Bear Town State Park is a relatively small state park in West Virginia, on the border of Pocahontas and Greenbrier counties. Its 110 acres encompass a really cool geological rock maze of deep crevices that form alleyways and rooms -- all traversed by a boardwalk that leads you to cool vantage points in, among, and above the huge rock boulders and towering hemlocks.
We were staying at a cabin in nearby Watoga State Park and had just arrived -- check in is at 4 p.m. -- and we wanted to do something but weren't up to a full on hike so close to dinner and after having driven for five hours from Baltimore.
Bear Town State Park was a mere 8 miles away, and we knew from prior research that the single trail would only take an hour or so to fully explore, perfect for after a long car ride from Maryland. We quickly unloaded the car into the cabin and punched in Bear Town State Park. We were on our way!
Bear Town didn't disappoint. This is a truly magical place.
You shouldn't expect a strenuous hike, if you could even call it that -- and this walk through the boulders and hemlocks will appeal to kids of all ages -- it's fun.
The board walk runs a half mile, and there are multiple stairs up and down and around the crevices and nearly vertical cliffs -- the massive boulders are sometimes 50 to 60 feet high. You are constantly changing elevation as the path leads you through the rock formation, but it's not strenuous, because rarely are there more than 20 steps in a row.
Droop Sandstone, the rock of this formation, breaks up in regular patterns, creating the almost square boulders and rocks. You'll notice the pitted surface of the rock faces, created by the "non-cementation" of the sand grains, which when exposed to wind and rain, simply erodes away. There are minor piles of white sand along the base of the some of the formations.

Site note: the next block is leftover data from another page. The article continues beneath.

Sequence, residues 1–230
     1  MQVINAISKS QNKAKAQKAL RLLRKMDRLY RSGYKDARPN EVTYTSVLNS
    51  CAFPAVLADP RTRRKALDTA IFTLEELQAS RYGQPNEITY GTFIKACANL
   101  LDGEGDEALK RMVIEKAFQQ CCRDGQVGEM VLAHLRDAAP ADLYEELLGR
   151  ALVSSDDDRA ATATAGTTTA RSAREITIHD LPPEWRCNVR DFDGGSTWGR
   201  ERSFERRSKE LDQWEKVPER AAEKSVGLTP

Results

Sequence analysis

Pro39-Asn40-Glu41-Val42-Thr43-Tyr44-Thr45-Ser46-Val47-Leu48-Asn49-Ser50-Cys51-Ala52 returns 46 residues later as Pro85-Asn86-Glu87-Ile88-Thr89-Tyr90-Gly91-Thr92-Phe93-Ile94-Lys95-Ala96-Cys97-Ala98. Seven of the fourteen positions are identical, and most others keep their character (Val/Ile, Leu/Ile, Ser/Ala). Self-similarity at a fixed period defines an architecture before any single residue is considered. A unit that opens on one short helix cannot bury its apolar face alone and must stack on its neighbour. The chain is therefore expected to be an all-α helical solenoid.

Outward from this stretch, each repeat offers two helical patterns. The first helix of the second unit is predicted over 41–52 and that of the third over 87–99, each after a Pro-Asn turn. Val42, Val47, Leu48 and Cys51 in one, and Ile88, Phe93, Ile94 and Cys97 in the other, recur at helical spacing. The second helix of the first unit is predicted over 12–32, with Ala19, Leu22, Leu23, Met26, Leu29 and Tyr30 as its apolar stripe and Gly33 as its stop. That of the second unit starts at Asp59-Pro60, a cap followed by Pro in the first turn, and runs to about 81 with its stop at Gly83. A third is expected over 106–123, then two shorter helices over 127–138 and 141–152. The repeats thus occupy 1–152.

Although there is handicap parking, the boardwalk is only accessible for wheelchairs for a slight bit, leading you to an overlook where you can at least get a slight appreciation of the rock maze.
The boulders are all almost entirely covered by rock-cap fern, looking like so many awkward toupees. :) Sometimes the hemlocks and other trees grow on top of the boulders, anchoring themselves by sending their roots through the crevices and further splitting the rocks over time.
We were there on a late Sunday afternoon and were the only ones in the park, a delightful situation for a travel writer wanting photos without people. At one point we startled a nesting bird -- some sort of raptor, judging from the sound of it and the size of the nest -- causing us to turn around and opt to explore other parts of the boardwalk.
Bear Town State Park seems to be a hidden gem, a well-kept secret that keeps the place from being overrun, like similar such rock formations in Maryland (link to Maryland's rock maze) and Pennsylvania (links to Bilger Rocks and Panther Rocks).
Although there are similar rock formations elsewhere in the Appalachians, Bear Town -- so named because locals once believed bears inhabited the secret places within the rock formation -- is the most extensive and alluring.
Hours: Dawn through dusk, April through October